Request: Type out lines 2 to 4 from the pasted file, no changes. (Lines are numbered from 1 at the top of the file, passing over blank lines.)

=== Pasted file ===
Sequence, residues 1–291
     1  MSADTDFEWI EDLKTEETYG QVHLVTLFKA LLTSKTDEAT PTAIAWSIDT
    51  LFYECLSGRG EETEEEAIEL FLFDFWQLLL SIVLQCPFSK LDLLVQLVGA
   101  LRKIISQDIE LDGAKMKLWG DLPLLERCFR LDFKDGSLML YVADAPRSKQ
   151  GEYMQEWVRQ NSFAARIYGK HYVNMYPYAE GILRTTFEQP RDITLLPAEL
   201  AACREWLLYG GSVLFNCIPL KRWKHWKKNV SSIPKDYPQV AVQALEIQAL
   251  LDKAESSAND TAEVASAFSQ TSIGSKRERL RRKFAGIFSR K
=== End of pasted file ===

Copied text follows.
     1  MSADTDFEWI EDLKTEETYG QVHLVTLFKA LLTSKTDEAT PTAIAWSIDT
    51  LFYECLSGRG EETEEEAIEL FLFDFWQLLL SIVLQCPFSK LDLLVQLVGA
   101  LRKIISQDIE LDGAKMKLWG DLPLLERCFR LDFKDGSLML YVADAPRSKQ